Storytelling through photography / by Ben Stapley

The church has the most important message to communicate – that everyone is unfathomably loved by God.  The church needs the best communication tools to convey that message.  Capturing great photos is one way to do that.  Through incredible storytelling photos can pull a viewer in and showcase powerful moments.  Below are some practical steps to help you tell those stories.

  1. Take candid, not posed photos.  Posed photos focus on how the individual looks.  Candid photos focus on what the individual is doing.  This will help prevent the comment section on your social media platforms digress into a back-and-forth of who looks more adorable.
  2. Remember to get establishing and concluding shots.  What did it look like when people showed up?  What did it look like when they left?  These shots will help frame the event within a storyline.  Without these shots it feels like you came to the party late or left early.
  3. The most natural storyline when posting photos to social media or a website is straightforward.  It is beginning, middle and end.  This chronological approach might feel formulaic, but it works.  So if you can find a better structure to the three act story, great.  If not, use it.
  4. Capture a range of compositions – close-up, medium & wide.  And use composition to your advantage.  Take the wide shot when you have a group of deadpan teenagers clustered together on their phones.  Wait for someone in that cluster to look up from their phone and show some emotion before zooming in for the close-up.
  5. Capture a range of people.  Don’t just shoot your friends at the event or the photogenic people.  Try to capture the widest range of those present.  I can often tell who my college photographers have a crush on when I review their photos.  So if you’re gonna use the camera as a flirtation device, try to be subtle.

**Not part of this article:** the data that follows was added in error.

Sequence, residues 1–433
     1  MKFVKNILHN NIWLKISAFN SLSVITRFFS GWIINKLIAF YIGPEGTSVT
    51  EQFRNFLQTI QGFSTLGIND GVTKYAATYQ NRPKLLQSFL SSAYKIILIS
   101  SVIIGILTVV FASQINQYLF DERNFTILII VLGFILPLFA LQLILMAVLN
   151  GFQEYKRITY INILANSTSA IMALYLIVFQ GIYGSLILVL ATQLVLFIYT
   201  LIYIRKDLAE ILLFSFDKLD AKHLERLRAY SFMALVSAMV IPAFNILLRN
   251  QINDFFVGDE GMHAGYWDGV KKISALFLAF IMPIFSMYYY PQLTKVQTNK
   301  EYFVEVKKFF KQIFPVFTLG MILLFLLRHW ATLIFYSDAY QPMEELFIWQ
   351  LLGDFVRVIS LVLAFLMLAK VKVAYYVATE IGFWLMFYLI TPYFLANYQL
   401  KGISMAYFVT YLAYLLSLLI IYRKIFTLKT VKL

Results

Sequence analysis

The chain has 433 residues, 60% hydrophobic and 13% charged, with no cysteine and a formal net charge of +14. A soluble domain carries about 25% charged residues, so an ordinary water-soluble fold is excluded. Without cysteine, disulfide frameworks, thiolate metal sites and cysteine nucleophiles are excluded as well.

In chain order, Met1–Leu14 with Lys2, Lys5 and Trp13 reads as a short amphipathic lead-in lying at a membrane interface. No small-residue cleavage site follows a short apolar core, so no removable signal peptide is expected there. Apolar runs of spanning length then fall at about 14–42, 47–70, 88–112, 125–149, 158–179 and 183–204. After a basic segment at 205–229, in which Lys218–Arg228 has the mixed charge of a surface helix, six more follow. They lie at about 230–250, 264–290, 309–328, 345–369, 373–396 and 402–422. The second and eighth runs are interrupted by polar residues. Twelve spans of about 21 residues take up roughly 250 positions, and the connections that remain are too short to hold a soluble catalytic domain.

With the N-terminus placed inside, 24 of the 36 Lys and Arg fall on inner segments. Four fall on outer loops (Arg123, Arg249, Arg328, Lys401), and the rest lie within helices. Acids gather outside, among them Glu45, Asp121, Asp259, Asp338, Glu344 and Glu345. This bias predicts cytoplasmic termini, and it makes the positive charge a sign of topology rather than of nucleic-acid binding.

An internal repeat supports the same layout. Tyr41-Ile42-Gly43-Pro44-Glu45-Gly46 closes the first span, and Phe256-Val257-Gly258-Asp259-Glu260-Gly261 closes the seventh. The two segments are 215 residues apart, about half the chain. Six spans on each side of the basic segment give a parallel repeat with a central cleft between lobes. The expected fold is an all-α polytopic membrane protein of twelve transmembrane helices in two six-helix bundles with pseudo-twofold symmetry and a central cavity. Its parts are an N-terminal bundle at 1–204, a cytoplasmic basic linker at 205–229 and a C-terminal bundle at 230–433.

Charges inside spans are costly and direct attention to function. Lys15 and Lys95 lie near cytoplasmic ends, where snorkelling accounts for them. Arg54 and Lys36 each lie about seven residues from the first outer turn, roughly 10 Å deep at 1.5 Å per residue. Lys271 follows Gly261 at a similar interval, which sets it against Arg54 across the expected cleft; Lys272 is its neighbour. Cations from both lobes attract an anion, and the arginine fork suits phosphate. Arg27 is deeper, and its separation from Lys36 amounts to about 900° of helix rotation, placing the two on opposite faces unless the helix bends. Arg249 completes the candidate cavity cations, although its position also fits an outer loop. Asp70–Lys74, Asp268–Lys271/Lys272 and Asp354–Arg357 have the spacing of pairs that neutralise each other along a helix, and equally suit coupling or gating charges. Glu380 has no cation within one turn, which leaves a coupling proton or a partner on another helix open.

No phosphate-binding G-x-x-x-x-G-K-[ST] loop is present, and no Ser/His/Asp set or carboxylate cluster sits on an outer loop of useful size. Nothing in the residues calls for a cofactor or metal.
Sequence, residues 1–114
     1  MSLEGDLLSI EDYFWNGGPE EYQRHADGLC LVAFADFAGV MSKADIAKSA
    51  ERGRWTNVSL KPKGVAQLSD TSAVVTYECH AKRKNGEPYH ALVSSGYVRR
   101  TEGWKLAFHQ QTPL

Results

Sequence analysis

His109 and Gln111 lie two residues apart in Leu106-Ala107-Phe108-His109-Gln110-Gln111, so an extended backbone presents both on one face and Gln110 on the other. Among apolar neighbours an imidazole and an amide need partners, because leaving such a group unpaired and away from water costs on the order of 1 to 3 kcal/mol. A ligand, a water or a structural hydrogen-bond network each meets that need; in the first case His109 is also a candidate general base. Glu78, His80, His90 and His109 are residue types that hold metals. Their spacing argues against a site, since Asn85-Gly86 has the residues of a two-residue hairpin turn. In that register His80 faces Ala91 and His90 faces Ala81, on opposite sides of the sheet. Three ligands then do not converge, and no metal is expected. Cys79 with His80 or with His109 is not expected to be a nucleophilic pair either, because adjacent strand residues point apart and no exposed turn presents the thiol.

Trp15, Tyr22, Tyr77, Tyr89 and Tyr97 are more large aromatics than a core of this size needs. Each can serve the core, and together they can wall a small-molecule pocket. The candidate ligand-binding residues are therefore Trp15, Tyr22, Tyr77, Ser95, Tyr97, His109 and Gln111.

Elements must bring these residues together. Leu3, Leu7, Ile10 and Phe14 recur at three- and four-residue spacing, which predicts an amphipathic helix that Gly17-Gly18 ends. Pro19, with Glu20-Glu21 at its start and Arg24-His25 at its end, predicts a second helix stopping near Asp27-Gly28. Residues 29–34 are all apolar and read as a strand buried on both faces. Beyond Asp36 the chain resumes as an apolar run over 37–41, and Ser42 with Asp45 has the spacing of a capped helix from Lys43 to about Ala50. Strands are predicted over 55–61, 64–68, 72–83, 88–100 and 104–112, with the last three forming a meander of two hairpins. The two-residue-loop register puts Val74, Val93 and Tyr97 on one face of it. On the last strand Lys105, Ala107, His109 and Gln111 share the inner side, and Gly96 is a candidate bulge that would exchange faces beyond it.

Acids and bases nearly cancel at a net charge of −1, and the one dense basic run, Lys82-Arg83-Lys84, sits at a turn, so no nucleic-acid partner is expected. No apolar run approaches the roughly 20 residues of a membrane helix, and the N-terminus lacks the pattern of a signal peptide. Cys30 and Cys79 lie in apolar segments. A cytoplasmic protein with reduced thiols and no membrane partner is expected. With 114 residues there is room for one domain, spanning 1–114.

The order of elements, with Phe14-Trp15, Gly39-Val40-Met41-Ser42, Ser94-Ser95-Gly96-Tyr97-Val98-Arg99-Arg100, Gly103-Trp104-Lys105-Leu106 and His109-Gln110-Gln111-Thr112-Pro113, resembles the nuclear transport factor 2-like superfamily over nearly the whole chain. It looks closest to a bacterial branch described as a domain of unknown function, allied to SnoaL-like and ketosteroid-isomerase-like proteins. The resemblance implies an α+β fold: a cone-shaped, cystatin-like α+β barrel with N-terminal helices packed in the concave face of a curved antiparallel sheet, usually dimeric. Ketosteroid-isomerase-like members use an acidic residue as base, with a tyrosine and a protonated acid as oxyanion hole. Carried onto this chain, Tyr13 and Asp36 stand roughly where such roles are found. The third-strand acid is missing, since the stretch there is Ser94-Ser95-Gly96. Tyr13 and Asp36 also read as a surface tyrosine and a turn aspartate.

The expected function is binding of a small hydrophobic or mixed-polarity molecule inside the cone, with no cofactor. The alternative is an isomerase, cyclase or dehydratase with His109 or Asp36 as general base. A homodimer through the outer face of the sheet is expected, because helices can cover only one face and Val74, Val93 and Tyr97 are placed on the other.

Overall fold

6. Capture a range of perspectives - get under, over, behind, beside & close to your subject.  If the subject seems boring from your current perspective then change it to make it more dynamic.
  7. Be observant for key moments that are “loaded” with emotion, meaning, significance, surprise, impact, uniqueness, closure, etc.  Or better yet, anticipate moments that are about to happen so that you can position yourself to capture them.  This anticipation means that you will think through your upcoming shots even as you deal with your current shot – a difficult skill that can take a while to master.
  8. Shoot for emotions.  Most of the photos will be used to demonstrate the life-changing power of Christ.  Try to capture that power.  If you want to capture joy take photos of baptisms.  If you want to capture peace take photos of a candlelight service.  If you want to capture boredom take photos of the annual church meeting.